Last week I attended the 2015 International Valuation Forum in Atlanta, Georgia. It was jointly sponsored by the International Association of Consultants, Valuators, and Analysts (IACVA); Business Valuation Resources (BVR); and Duff & Phelps. I gave an hour-long presentation on May 8 on valuation issues related to the oil, gas, and mining sectors.
In the morning session that day, accounting professional Bill Hanlin, of the Hanlin Moss Group in Seattle, spoke about the need for business valuation professionals to earn the public trust. This can be done by increasing transparency in one’s written reports and offering exact citations to external sources of quantitative data. These data sources may include international cost of capital, import/export dollars in a particular sector, etc.
Then, Jim Harrington of Duff & Phelps spoke about the company’s publications, including the Duff & Phelps 2014 Valuation Handbook – Guide to Cost of Capital. These books have evolved over time and use data to compute both industry-level and country-level risk premia that valuation professionals can use in their valuation models (e.g., the discounted cash flow model in the income approach to valuation).
Then, just before lunch, I spoke on valuation issues related to oil, gas, and mining, specifically unconventional shale development. Clearly, given the audience, I was the most unusual speaker at the event. I had several audience members ask about how my lecture relates to business valuation—and the overlap is clearly in the application of the income approach to valuation. When valuing a commercial building or a business, often the income approach is used by starting with rent data and expenses to estimate net operating income (NOI). Then, using a capitalization (cap) rate consistent with the returns expectations of investors in these particular kinds of commercial buildings or businesses, one can compute the value of the property by dividing the cap rate into the NOI. This is a standard formula used by business valuation analysts and appraisers.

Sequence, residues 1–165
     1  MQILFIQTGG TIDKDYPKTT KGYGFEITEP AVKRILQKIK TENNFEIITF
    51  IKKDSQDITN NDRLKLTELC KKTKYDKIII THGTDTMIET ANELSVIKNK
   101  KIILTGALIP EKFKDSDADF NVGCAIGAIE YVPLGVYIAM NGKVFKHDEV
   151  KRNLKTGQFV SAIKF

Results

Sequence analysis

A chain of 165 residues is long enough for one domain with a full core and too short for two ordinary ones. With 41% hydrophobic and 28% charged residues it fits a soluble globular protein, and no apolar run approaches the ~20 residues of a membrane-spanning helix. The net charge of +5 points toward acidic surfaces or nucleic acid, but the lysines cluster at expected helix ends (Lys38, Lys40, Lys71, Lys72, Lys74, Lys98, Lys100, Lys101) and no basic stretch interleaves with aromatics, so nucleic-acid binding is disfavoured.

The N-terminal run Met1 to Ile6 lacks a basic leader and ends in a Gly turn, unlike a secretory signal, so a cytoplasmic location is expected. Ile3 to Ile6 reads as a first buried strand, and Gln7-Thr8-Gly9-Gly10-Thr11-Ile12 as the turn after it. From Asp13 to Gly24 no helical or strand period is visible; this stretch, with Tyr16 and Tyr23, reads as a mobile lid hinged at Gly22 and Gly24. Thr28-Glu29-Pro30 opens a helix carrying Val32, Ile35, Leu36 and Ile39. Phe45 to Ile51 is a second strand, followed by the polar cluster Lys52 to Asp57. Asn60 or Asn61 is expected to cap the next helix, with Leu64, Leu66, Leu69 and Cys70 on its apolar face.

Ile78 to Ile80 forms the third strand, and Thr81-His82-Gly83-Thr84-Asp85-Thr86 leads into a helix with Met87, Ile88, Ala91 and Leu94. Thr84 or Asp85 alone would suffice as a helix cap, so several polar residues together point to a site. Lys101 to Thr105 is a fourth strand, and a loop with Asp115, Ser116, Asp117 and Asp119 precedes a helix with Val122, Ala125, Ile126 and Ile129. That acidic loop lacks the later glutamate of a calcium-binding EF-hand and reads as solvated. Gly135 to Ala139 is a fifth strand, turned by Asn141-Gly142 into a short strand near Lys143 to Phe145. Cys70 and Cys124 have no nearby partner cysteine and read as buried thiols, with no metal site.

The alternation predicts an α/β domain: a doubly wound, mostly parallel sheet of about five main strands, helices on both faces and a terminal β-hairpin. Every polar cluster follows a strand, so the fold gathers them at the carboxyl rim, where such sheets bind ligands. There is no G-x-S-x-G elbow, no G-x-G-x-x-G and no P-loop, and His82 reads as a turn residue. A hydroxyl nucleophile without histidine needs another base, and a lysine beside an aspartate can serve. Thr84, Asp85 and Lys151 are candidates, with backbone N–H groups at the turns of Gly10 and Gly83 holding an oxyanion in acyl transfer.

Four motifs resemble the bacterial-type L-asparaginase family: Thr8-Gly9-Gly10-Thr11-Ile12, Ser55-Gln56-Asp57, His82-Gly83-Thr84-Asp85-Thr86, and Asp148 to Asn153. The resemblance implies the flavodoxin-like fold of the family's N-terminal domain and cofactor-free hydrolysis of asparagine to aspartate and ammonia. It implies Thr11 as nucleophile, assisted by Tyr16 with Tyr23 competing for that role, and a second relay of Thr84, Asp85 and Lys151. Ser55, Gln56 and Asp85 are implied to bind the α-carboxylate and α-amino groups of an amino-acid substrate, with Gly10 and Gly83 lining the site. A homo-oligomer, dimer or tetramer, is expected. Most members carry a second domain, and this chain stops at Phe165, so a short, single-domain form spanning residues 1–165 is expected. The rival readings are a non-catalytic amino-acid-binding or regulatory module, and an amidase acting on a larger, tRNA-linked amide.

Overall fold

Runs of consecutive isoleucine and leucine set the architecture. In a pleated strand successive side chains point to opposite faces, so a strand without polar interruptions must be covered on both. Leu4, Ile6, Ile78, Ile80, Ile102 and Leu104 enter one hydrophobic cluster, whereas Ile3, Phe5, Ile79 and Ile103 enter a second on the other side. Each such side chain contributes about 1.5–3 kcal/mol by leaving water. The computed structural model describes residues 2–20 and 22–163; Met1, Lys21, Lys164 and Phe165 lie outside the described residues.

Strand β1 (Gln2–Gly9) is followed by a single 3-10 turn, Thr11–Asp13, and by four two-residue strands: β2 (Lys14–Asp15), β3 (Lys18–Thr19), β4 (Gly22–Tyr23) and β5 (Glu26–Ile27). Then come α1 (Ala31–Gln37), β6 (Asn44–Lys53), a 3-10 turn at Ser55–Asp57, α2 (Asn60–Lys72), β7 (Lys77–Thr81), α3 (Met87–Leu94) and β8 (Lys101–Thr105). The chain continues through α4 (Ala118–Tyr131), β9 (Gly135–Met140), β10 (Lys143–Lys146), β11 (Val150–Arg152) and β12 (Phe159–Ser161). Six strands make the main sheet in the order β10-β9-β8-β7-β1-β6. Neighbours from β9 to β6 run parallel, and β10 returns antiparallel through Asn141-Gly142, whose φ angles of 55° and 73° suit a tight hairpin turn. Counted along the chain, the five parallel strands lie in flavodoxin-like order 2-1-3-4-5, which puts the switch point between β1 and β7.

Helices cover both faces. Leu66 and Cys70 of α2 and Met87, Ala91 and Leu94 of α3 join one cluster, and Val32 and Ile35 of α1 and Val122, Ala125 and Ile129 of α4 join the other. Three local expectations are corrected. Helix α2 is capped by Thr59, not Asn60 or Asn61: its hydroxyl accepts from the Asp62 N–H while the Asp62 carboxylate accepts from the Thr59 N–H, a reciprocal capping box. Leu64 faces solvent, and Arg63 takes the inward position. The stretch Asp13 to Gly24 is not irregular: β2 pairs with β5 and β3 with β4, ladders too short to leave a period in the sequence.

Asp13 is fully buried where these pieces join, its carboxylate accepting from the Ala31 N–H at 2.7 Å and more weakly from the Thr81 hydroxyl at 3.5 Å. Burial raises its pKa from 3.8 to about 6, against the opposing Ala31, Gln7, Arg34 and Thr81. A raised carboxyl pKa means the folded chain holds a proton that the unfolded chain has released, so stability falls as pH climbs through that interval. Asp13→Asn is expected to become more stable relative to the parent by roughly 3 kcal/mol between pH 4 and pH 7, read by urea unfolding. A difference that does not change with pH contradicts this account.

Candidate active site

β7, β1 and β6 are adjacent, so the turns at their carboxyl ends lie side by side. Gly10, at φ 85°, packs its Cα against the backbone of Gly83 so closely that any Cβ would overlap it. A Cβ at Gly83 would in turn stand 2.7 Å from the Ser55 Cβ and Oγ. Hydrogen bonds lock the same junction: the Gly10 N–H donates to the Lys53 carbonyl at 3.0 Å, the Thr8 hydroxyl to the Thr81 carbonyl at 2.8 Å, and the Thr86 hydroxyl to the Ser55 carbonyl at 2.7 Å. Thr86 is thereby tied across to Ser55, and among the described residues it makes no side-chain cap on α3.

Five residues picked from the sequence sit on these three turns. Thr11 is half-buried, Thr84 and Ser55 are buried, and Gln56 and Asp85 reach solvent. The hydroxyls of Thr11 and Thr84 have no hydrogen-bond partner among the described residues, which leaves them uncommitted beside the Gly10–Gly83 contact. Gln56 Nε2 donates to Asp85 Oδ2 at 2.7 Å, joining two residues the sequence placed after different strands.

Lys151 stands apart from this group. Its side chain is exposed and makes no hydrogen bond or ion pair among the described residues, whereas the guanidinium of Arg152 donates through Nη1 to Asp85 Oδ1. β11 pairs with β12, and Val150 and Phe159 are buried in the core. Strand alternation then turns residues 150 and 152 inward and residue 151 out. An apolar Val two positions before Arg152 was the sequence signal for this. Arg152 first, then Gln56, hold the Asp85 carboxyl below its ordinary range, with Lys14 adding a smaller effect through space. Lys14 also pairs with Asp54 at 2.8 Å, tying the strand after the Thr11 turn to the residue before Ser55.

The part of my talk that generated the most “buzz” (yes, pun intended) was my discussion of unconventional shale development issues in the UK (Scotland in particular). I mentioned the recent meeting of CAMRA, a UK-based association of beer aficionados, where the association almost passed a resolution opposing fracking in the UK because of their concerns about the quality of the water used to make beer. I blogged about this recently. This was my attempt to liven up the discussion a bit… and it seemed to work.
I enjoyed attending and being a part of this unique conference. I look forward to seeing what IACVA does in the future. If you want to learn more about the work done by IACVA, please visit its website at http://www.iacva.org/. Also, information on the most recent Duff & Phelps Valuation Handbooks can be found at http://www.duffandphelps.com/expertise/Pages/ValuationHandbook_Guide.aspx.